The Postal Service has promised one approach to shrinking its continuing losses. Keep cutting jobs.
Postal’s 2011 financial plan calls for elimination of 50 million work hours, or about 25,000 jobs. The agency has already cut 105,000 full time jobs since 2009. Even so, next year’s plan, approved by the Postal Board of Governors, calls for losses of $6.4 billion.
Last week, the Postal Service reported 2010 losses of $8.4 billion.
GovExec reports, Chief Financial Officer Joseph Corbett is predicting growth in mail volume next year. He says the Postal Service will have to handle it with fewer people.
The announcement of impending job cuts comes as the Postal Service is in contract negotiations with two of its unions, with two more scheduled to be negotiated next year.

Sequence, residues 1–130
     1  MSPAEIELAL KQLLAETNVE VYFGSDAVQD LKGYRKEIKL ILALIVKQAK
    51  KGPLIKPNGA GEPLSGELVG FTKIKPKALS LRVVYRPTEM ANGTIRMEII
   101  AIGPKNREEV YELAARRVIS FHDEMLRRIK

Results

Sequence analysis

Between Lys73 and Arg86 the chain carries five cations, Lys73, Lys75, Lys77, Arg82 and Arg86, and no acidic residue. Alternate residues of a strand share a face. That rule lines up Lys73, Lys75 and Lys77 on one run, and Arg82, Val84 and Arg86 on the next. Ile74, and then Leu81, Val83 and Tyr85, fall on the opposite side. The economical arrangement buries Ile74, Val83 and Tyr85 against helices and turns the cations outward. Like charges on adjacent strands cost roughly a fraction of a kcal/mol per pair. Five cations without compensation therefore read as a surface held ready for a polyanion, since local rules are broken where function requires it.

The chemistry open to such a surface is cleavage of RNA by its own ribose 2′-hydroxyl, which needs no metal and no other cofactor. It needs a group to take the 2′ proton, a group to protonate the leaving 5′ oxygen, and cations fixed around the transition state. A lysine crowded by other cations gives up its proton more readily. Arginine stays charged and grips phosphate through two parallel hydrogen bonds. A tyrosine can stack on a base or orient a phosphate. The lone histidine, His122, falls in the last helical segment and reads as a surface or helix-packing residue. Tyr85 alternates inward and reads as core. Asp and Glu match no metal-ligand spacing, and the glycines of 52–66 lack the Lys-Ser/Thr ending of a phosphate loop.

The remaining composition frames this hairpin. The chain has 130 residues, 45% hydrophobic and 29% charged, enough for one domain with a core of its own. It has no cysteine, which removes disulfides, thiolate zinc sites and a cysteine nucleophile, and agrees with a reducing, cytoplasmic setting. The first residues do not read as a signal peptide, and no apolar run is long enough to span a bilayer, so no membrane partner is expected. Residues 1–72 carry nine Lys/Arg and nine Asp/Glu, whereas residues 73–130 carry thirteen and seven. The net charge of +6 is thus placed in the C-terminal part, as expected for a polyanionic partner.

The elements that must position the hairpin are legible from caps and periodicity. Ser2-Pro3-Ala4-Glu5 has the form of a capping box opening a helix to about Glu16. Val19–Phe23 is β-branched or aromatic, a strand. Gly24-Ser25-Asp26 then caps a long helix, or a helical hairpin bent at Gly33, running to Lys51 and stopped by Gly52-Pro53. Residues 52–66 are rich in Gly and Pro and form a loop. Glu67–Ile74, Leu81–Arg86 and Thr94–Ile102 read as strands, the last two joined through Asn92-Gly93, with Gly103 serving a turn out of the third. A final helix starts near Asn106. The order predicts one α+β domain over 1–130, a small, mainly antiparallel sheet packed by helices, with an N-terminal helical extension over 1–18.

A request from the agency for a 2-cent increase in postage rates to take effect next year was recently turned down by the independent Postal Rate Commission. The post office has appealed that decision in federal court.
According to the Postal Service, independent auditor Ernst & Young is expected to issue an unqualified audit opinion that will emphasize that questions remain about the ability of the Postal Service to generate sufficient liquidity to make all of its future payments, including the $5.5 billion RHB pre-funding payment due on the last day of fiscal year 2011.
“If corrective action is not taken quickly, the Postal Service will likely run out of cash and borrowing authority by this time next year, placing its ability to continue operations in serious jeopardy,” said Sen. Tom Carper, D-Del., who urged quick congressional action.
Rep. Darrell Issa, R-Calif., who is expected to head the House committee overseeing postal operations, said the loss “only underscores the urgent need for the Postal Service to trim its operating costs to match revenues.”
Fredric V. Rolando, president of the National Association of Letter Carriers, said the loss “comes as no surprise.”